Pixmas encourages users to delve into its features, some of which are specially designed for the latest mobile platforms. Its innovative approach garnered attention and was featured on web.dev. Link to Pixmas on wev.dev
In an interview, our developer Jim Savage discussed the project:
Q & A with Jim Savage:
Why the web?
At Tokyo Digital, we prefer responsive and mobile web development over native-only approaches. Pixmas originated from HTML5 & CSS3 experimentation during downtime between projects. Our front-end development team focuses on web technologies for research, keeping up with evolving browser functionalities that now mimic native apps, like geolocation, camera access, and local database storage. These advancements offer a native-like experience with the benefits of cross-platform compatibility and rapid development. We assess each project to recommend the best platform, be it web or native, based on the project's needs.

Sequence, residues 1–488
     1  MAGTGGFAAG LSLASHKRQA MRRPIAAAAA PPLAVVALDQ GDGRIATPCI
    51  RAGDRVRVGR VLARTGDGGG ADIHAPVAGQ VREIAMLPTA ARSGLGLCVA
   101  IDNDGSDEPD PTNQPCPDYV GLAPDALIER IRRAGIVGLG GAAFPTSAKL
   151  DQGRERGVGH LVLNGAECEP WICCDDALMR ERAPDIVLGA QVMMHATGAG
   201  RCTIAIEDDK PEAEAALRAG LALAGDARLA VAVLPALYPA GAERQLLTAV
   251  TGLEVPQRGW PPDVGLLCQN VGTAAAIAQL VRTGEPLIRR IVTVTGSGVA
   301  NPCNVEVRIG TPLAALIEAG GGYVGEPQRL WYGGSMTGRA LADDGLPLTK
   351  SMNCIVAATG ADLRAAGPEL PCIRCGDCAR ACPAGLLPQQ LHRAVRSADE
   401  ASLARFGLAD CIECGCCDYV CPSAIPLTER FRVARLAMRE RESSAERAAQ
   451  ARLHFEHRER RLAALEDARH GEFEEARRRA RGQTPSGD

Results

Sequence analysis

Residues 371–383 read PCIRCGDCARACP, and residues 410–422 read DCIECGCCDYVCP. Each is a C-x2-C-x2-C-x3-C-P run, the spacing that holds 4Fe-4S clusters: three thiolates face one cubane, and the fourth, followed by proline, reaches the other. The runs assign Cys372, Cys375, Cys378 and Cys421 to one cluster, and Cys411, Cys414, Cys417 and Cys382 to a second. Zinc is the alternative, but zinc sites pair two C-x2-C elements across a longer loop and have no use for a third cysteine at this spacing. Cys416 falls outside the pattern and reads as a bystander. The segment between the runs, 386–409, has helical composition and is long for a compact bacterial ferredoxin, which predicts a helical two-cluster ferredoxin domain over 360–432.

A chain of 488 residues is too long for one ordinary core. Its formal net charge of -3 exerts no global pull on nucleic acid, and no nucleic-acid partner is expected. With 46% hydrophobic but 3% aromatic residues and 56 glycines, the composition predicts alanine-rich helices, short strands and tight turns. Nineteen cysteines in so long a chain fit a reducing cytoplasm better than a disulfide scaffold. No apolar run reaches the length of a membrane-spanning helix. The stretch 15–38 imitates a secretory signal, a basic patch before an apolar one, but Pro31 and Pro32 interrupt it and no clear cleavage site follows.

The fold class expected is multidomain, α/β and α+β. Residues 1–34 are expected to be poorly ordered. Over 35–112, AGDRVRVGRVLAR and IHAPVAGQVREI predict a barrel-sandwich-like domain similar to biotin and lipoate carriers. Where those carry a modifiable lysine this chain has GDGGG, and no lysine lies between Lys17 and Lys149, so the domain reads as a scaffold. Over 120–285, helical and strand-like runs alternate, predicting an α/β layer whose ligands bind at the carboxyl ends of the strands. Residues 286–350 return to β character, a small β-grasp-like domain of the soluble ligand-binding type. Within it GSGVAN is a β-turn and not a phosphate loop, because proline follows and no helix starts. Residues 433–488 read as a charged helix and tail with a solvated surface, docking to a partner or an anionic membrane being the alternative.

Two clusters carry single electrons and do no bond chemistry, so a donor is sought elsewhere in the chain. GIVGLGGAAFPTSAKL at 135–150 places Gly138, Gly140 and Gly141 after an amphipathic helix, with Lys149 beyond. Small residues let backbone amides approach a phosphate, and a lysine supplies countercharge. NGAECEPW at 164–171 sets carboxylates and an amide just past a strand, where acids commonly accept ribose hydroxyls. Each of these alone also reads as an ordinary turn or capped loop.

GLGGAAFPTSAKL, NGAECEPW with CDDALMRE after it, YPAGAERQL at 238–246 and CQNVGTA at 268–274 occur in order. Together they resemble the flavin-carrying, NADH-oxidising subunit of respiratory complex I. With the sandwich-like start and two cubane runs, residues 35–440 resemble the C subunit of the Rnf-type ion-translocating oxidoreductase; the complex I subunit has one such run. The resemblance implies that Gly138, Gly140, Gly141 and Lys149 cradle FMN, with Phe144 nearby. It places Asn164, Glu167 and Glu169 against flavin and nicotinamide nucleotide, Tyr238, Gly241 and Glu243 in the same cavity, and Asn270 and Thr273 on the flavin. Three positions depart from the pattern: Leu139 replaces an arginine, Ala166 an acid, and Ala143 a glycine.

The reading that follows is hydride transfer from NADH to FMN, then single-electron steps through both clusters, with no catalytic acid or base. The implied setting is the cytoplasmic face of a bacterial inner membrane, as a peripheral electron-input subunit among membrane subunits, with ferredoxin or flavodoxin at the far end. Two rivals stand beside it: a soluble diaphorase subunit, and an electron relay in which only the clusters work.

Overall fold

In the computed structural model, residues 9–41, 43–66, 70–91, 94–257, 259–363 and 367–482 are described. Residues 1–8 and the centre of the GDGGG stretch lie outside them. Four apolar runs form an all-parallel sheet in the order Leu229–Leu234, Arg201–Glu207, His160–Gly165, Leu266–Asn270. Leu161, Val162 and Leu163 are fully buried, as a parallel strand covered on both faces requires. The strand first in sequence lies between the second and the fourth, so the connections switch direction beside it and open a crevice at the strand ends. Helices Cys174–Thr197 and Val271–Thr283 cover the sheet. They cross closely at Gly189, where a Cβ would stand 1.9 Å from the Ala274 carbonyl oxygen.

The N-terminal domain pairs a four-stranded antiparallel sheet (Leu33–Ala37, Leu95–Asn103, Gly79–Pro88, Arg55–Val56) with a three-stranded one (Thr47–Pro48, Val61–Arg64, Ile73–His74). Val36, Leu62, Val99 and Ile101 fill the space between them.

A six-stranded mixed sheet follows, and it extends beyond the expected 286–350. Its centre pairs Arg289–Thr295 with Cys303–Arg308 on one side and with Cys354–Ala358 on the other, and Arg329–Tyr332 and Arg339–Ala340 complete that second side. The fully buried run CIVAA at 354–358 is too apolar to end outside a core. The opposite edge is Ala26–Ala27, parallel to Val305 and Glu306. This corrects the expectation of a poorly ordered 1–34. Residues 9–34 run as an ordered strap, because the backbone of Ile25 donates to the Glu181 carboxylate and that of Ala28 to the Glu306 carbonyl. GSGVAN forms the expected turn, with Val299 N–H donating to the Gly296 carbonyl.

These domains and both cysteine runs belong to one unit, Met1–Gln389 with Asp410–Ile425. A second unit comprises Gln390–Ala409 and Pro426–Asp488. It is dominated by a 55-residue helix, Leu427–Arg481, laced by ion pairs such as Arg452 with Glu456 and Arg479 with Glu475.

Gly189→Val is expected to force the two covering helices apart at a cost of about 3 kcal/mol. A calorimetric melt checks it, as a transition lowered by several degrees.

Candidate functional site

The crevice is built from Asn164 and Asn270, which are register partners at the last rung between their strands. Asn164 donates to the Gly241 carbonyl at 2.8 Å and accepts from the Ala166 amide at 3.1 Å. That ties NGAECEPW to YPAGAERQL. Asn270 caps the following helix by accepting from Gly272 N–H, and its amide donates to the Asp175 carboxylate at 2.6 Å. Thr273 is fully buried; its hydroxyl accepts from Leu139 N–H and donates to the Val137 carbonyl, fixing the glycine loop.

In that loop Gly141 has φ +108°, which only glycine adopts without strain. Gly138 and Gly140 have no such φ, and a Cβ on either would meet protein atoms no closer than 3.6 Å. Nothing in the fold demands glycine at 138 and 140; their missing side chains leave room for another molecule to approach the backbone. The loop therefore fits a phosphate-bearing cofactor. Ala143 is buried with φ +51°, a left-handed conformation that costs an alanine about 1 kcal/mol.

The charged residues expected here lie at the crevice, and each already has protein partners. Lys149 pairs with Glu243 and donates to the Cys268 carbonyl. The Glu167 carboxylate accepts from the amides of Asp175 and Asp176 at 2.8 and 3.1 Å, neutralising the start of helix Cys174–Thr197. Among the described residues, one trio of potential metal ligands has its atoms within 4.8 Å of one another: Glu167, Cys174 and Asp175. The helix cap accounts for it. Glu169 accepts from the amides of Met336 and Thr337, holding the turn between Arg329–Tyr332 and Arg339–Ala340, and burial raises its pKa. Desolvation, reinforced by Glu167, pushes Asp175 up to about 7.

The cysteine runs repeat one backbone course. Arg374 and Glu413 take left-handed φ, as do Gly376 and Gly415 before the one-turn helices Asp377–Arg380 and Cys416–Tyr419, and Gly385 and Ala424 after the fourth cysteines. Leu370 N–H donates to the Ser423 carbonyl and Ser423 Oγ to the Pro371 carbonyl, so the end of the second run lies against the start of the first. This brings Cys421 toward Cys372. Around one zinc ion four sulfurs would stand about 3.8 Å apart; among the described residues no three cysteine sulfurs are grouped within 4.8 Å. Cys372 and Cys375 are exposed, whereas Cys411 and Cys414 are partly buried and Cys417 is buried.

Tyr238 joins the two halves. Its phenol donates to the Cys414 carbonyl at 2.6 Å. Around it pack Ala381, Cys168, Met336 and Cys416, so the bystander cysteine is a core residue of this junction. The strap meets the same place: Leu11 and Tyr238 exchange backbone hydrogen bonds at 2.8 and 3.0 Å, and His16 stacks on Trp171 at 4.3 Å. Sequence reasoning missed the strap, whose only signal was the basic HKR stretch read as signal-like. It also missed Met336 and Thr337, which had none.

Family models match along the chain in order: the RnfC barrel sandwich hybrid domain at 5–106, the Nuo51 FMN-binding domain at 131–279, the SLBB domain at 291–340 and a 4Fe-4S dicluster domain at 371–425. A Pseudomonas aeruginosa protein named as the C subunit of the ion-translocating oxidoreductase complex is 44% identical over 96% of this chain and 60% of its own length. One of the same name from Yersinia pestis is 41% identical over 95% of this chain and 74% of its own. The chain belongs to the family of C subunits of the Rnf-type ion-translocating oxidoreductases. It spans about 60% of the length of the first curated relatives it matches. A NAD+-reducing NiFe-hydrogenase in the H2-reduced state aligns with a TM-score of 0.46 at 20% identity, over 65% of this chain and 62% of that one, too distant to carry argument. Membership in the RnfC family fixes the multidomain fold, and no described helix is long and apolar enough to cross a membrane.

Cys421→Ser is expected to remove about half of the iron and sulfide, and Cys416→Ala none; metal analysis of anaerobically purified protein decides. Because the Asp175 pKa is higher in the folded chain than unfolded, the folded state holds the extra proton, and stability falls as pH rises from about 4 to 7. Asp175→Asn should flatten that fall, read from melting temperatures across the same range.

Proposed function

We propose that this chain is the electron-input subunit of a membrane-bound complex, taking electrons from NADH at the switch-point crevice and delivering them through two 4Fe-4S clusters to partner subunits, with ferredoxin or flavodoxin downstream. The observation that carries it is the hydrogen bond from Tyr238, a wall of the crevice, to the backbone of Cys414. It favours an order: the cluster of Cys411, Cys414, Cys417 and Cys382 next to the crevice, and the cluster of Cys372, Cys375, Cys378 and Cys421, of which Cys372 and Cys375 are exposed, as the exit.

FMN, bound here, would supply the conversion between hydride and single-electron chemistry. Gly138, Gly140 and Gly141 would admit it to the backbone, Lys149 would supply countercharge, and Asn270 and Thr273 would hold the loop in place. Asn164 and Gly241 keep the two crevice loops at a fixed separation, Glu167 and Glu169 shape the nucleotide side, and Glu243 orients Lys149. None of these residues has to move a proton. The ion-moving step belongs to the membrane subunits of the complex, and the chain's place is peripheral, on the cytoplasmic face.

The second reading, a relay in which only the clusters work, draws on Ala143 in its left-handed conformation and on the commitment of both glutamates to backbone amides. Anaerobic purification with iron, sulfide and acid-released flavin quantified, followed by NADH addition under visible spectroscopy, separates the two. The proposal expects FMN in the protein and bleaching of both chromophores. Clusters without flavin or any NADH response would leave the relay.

What worked really well during development?
The focus on 3D Transforms was a key aspect of Pixmas, exploring the limits of CSS. The pixelated style suited the browser environment well, especially given browsers' affinity for square shapes. Building cubes with 3D transforms and HTML was relatively straightforward. However, refining the interaction and animations required some trial and error.
What surprised you during development?
The most surprising aspect was the smooth performance of the 3D elements on mobile platforms, particularly on lesser-known Android devices, which exceeded our expectations.
If you could improve your app with any API, what would it be?
If we were to recreate Pixmas, we'd likely use a WebGL-based API. While manipulating HTML DOM elements in 3D via CSS was intriguing, WebGL's dedicated hardware-accelerated technology offers more power for web-based 3D applications. CSS 3D is suitable for basic effects and transitions, but we encountered limitations in browser performance while coding Pixmas with it.